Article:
The exhibition is timed to coincide with the 75th anniversary of the lifting of the siege of Leni...
The exhibition is timed to coincide with the 75th anniversary of the lifting of the siege of Leni...
1 march 2019Facebook
The «Saints, queens and workers. Images of women in Russian art» (26 February 2019 – 27 February 2020) one-year exhibition comprises circa 180 works of art of the 15th – 20th centuries from the collection of the State Russian Museum: painting, sculpture, icons, costumes. Masterpieces by Vladimir Borovikovsky, Alexei Venetsianov, Pavel Fedotov, Ivan Kramskoi, Vasily Surikov, Alexander Golovin, Boris Kustodiev, Pyotr Konchalovsky and many other famous artists will be on display.
Visitors will see the evolution of female images in Russian art: first depictions of saints and martyrs in icons and frescoes, magnificent gala portraits of Russian Empresses, images of peasant women and portraits of clever and independent Russian women who enthusiastically mastered new forms of activity and ultimately changing their own futures and the future of Russia. The art of the second half of the 19th clearly outlines the circle of a woman’s life and analyses its main stages: childhood and youth, betrothal and marriage, the birth of children and loss of a husband, widowhood, nurturing grandchildren, and sometimes a lonely old age. A woman’s work in all its variety was at that time something for close attention, whether that of a seamstress or an embroiderer, a laundress or a delivery girl.
Female images in Russian fine arts make an obvious parallel to Russian literary characters and subjects. The women’s question was becoming more and more relevant, especially when it came to matters involving education and work, motherhood and family law. It was these problems that lay behind novels by Leo Tolstoy, Ivan Turgenev and Nikolai Chernyshevsky. Society did not remain indifferent to the advocacy of women’s freedom. The Bestuzhev Courses, which were organized in St Petersburg in 1878 at the initiative of women themselves, gave an impulse to the development of women’s education. After the February Revolution of 1917 they gained equal rights with men. Meanwhile, in the late 19th – early 20th centuries artists still focused their attention on a woman’s external appearance, and above all on an unusual, and sometimes exotic, beauty and intricate attire. The female portrait became one of the leading genres in the fine arts, and – to quote the critics – artists “searched for ‘beauty that was not beautiful’”. What came to be valued most of all was individuality, or in other words personality. The new power was rather skeptical about nudity in art and it showed in the 1920-40s. Despite significant changes in THE late 1950s nudity did not fit easily into the canons of Socialist Realism and was seen as a real challenge even in the 1970s. The image of the Russian woman still remained contradictory and difficult to grasp in the paintings of the 1970-80s concluding the exposition.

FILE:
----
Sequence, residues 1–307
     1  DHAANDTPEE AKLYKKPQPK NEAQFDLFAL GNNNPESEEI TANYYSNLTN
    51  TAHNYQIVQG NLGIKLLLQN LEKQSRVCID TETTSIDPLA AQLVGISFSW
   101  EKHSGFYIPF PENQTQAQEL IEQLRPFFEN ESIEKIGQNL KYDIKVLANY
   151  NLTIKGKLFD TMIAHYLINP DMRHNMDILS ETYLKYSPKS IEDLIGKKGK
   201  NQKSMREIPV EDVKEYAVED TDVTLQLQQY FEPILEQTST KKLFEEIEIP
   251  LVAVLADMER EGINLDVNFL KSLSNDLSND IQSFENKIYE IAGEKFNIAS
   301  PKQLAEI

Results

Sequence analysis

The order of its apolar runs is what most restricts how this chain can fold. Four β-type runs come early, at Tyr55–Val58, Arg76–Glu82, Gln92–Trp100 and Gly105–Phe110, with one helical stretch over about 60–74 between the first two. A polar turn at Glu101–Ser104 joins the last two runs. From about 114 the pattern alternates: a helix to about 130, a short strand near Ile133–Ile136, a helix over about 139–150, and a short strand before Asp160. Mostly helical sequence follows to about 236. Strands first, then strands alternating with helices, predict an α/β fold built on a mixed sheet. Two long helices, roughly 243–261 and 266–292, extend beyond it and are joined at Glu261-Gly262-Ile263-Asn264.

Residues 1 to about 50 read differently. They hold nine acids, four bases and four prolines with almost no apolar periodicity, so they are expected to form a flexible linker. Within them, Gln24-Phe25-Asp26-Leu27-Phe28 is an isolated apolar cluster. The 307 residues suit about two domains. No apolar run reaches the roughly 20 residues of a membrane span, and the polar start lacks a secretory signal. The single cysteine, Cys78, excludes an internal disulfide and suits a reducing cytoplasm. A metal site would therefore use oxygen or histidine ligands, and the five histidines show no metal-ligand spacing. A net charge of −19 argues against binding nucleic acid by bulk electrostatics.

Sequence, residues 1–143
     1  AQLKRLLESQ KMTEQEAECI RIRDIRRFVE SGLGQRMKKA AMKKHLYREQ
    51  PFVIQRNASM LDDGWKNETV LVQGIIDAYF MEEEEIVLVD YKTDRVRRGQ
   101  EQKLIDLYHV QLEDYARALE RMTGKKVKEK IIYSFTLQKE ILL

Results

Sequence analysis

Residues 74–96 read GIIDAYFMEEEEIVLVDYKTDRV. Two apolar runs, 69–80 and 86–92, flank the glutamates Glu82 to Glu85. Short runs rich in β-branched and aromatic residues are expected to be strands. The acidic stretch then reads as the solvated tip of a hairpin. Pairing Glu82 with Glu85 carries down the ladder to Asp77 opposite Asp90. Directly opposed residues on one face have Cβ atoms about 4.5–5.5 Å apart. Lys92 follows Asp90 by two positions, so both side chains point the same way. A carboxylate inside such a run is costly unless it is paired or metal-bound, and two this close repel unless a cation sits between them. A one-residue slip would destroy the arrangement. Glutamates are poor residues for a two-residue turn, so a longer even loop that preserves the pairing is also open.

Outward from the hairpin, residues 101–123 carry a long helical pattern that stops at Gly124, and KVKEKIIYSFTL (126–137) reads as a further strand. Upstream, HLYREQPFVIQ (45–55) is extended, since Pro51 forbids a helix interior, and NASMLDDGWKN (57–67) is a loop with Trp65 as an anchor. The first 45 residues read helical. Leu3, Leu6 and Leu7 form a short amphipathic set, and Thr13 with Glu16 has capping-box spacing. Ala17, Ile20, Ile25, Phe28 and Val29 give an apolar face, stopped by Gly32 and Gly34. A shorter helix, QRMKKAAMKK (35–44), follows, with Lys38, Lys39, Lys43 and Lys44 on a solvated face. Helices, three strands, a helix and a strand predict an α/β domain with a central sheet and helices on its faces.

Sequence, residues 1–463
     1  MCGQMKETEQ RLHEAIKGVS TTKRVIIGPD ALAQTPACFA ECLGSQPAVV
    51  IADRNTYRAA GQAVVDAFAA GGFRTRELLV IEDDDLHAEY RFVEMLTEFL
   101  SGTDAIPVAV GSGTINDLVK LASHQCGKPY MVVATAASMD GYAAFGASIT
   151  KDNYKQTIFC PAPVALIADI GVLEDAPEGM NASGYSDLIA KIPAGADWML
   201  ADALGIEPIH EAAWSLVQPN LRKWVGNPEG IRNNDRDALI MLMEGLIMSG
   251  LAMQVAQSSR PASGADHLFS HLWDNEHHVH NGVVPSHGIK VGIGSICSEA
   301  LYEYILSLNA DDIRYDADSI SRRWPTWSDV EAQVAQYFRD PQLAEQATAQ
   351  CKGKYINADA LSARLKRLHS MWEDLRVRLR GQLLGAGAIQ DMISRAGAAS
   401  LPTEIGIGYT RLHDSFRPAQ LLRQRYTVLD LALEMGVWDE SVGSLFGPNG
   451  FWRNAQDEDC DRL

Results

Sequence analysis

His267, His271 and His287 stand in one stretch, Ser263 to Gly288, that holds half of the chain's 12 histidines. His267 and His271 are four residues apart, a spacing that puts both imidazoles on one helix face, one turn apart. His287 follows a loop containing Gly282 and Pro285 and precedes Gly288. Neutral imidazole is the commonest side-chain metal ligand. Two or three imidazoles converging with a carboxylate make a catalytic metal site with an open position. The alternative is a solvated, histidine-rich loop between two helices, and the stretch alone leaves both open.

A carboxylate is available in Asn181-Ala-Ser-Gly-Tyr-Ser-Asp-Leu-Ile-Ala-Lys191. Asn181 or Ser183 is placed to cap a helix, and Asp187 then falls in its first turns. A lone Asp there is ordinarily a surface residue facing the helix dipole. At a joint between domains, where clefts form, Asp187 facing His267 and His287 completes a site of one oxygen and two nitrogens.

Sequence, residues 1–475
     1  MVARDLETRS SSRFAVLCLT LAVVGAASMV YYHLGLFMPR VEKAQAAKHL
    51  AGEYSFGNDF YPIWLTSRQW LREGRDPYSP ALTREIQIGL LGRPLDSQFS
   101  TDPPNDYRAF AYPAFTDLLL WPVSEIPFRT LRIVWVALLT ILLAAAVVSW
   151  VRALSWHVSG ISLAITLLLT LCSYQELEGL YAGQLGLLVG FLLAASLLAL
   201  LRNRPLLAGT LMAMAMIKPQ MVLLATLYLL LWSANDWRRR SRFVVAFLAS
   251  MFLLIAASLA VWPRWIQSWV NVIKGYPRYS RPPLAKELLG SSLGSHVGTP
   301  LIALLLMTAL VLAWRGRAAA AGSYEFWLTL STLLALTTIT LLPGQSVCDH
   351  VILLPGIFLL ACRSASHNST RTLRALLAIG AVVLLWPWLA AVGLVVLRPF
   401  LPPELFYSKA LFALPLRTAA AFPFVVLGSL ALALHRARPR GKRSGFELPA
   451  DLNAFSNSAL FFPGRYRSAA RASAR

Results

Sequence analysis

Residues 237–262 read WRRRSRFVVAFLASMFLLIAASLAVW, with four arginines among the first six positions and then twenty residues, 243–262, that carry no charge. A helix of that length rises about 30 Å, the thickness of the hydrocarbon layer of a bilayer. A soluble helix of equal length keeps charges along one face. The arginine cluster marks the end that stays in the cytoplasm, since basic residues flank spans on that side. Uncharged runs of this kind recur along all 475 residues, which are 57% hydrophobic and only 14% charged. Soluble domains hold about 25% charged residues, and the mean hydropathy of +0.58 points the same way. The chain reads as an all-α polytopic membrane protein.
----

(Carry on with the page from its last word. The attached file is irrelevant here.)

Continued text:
The “Female Artists in Russian Art. At the intersection of traditions and avant-garde” (26 February – 8 September 2020) exhibition represents the contribution of women in the development of Russian art. 142 items of fine art, sculpture, decorative and applied art of the 19th – 21st centuries are shown there. Among the exhibits are works by famous Russian female artists - Marie Bashkirtseff, Zinaida Serebryakova, Natalia Goncharova, Anna Golubkina, Olga Rozanova and Vera Mukhina.
Peter the Great started the era that transformed all aspects of life in Russia; it gave an impulse to the development of the country’s secular art. The Imperial Academy of Arts (Academy of the Three Noblest Arts), which was founded in St Petersburg in 1757, did not accept women until the mid-1840s. Many children of the gentry and aristocracy learnt how to paint when they were young, but it was considered shameful to study art professionally. Incidentally, Flowers, a pastel still life by the Russian Empress herself, Marie Feodorovna, in the style of 17th-century Dutch art has survived until the present day and is represented at the exhibition. From 1842 there was a special Female Department at the St Petersburg School of Drawing for Extern Students.
Something new was seen in the 1870s–1880s: women were dissatisfied with their unequal position in Russian society and they strove to be educated abroad. Works of Marie Bashkirtseff, the female artist who became famous in artistic circles thanks to her participation in exhibitions at the Paris Salon, are also presented at the exposition.
She painted scenes from contemporary life, religious compositions and landscapes that were delicate in mood, but it was in portraiture that her independent character, her sensitive attitude towards nature and her concern for the question of equality for women were best reflected. The artist became famous in France and received recognition in Russia only after her death.
The 1910s, and especially their second half have provided a complex picture of the development of the country’s art and the active role that women played in the process. The various freedoms that had been put forward as achievements of the Revolution were taken up by feminists, whose significance was important even by the end of the 19th century. A galaxy of female artists, educated and with allround talents, appeared in Russian art. For instance, Olga Rozanova, Nadezhda Lermontova, Lyubov Popova – painters and graphic artists, poetesses, theatre and festival decorators, tutors, fashion and textile designers. Natalia Goncharova was inventive in her quest for a new artistic language, and supported Mikhail Larionov, the real leader of Russian avant-garde artists, in all his initiatives. Nadezhda Udaltsova and Alexandra Exter shone brilliantly at lot of avant-garde exhibitions.
It was essentially female artists who initiated the creation of the Union of Youth, Russia’s first society of avant-garde artists (1910).